Is Coronavirus Real?

To start with, only a stupid person would still be doubting the reality of a pandemic that has brought activi­ties around the entire globe to a halt. This author is by no means doubting the devastating reality of COVID-19, but activi­ties within my country are making one won­der if indeed we are taking the fight against the pandemic as seriously as we ought to.

On Monday, March 30, it was reported that some 26 Americans arrived the Murta­la Muhammed International Airport, Lagos without screening for the Coronavirus.

The next day, the Minister of Informa­tion and Culture, Alhaji Lai Mohammed refuted the report published in the front page of the Daily Independent.

The minister said the 26 Americans were screened by the Port health authority and the immigration while the crew that flew them in and out of the country did not disembark from the aircraft.

“I am aware of the history of the 26 passen­gers and I have placed a call to the head of Port health services who denied the report. We have problem with the crude oil production in the Bonga field, so they made an application for the expatriates to come into the country. They need to come and carry out some emergency works on the Bonga field. They met with the Port Health Authority and immigration that screened them and we have the records to show that they were screened,” he said.

We will not be going into questioning why these so-called expatriates coming from an epicenter of the pandemic would not be quar­antined on arrival in Lagos before moving out.

Because they had an urgent problem to fix with crude oil production so that interest su­persedes the clear threat their visit exposes the country to in the wake of the pandemic?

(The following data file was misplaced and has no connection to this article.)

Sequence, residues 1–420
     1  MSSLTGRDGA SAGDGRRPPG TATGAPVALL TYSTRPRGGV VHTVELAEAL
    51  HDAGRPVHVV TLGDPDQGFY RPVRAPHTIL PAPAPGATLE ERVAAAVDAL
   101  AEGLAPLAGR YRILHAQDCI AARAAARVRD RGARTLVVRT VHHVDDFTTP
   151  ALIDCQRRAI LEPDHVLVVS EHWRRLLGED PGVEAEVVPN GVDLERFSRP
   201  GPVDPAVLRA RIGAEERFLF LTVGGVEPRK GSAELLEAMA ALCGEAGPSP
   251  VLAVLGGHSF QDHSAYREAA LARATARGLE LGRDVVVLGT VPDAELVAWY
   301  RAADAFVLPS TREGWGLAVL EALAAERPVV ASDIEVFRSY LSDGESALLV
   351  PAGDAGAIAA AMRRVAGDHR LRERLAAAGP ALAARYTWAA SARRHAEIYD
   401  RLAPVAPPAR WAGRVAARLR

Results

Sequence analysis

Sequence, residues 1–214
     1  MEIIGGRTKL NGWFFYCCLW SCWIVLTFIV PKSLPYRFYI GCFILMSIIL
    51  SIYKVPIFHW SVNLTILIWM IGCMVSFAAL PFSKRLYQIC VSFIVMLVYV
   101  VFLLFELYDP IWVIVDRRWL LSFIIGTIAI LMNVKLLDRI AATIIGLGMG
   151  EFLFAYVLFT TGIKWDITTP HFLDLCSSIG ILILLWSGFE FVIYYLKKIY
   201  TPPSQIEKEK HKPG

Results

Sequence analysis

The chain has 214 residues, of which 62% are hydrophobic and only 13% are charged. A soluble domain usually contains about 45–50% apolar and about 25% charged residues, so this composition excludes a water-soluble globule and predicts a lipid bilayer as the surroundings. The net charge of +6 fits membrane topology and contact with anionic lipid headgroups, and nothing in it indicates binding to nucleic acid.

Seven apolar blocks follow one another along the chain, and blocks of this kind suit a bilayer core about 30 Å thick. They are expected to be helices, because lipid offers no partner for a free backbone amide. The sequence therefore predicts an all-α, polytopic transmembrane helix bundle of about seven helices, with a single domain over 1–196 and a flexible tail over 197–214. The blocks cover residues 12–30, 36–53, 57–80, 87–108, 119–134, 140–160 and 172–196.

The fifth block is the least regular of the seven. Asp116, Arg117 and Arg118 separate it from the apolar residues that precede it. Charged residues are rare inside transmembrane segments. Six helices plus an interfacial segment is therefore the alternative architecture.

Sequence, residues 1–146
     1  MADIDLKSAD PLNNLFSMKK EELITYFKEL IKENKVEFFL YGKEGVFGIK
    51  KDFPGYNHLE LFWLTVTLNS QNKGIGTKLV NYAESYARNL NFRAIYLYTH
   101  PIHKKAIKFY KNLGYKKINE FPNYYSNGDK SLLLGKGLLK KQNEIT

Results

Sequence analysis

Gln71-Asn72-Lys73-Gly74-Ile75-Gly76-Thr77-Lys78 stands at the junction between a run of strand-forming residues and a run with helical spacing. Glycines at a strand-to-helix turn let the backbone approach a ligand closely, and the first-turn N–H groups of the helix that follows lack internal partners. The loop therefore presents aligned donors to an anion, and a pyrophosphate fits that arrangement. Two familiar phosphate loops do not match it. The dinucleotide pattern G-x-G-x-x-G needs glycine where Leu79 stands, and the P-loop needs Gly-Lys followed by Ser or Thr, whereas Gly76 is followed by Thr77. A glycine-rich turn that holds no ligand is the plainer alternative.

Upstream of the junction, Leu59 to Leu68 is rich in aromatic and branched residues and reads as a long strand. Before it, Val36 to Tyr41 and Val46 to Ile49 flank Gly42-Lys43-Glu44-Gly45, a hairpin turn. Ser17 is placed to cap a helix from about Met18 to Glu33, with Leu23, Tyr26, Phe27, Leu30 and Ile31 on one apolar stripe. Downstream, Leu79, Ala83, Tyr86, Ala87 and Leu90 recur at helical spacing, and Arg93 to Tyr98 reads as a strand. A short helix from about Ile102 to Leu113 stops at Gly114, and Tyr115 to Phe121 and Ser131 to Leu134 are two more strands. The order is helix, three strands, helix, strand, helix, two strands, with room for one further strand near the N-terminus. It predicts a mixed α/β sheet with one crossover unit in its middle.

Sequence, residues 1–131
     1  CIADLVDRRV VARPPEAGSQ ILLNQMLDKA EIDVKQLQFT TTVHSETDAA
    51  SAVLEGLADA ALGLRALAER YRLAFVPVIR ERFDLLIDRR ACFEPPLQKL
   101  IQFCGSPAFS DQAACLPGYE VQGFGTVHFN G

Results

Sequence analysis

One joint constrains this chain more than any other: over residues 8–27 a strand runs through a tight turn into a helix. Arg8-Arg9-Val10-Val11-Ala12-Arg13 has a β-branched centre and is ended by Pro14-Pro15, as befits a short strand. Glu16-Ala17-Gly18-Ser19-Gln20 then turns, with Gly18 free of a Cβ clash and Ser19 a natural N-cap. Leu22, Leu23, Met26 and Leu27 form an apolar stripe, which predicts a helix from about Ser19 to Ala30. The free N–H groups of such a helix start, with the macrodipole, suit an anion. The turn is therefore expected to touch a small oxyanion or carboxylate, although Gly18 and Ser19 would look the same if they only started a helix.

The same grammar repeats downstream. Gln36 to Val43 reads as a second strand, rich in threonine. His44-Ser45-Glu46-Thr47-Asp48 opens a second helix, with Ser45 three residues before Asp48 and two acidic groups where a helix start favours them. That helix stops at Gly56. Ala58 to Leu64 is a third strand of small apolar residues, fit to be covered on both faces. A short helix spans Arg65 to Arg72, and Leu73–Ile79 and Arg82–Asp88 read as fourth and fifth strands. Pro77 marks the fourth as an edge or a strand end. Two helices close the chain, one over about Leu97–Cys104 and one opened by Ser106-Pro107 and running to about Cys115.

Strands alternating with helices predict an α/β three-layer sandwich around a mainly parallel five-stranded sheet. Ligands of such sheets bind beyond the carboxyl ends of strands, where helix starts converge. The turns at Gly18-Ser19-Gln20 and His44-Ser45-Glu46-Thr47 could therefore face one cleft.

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Meanwhile, these Americans, who were on board an Air Peace flight, were said to be working for the Nigeria National Petroleum Corporation were denied access into Cross Riv­er State. The government insisted that they go back to be properly tested before they can come.

Was the governor aware of their visits and was he carried along or did it not matter?

However, the minister apart from describ­ing the report as fake news also went on to say that, “the implication of this which the newspaper did not know is that they have presented to the entire world as if Nigeria is not taking this fight seriously.”

Really? We will soon know who is send­ing the wrong signals to the rest of the world in the fight against the disease.

On April 7, the police in Rivers State ar­rested two pilots working for Caverton He­licopters alongside 10 passengers at the Air Force base, Port Harcourt. This resulted in a face-off between the Ministry of Aviation and the state government. It must be stated that there is no love lost between the federal government and Governor Wike, but by au­thorising Caverton Helicopters pilots to fly ten passengers into Port Harcourt, without adequate communication to that effect, the Ministry of Aviation inadvertently breached the state’s COVID-19 containment orders.

Like the Cross River State scenario, was Wike aware of the coming of these people and the purpose of their visits as the chief security officer of the state, or was it not necessary? Where the lives of Nigerians are threatened, politics must be put aside and both federal and state governments must be in tandem and speak in one voice in the interest of the nation.

Perhaps, the highest ranking casualty of Covid-19 around the world happened in Nigeria with the death of Mallam Abba Kyari, Chief of Staff of President Muhammadu Buhari.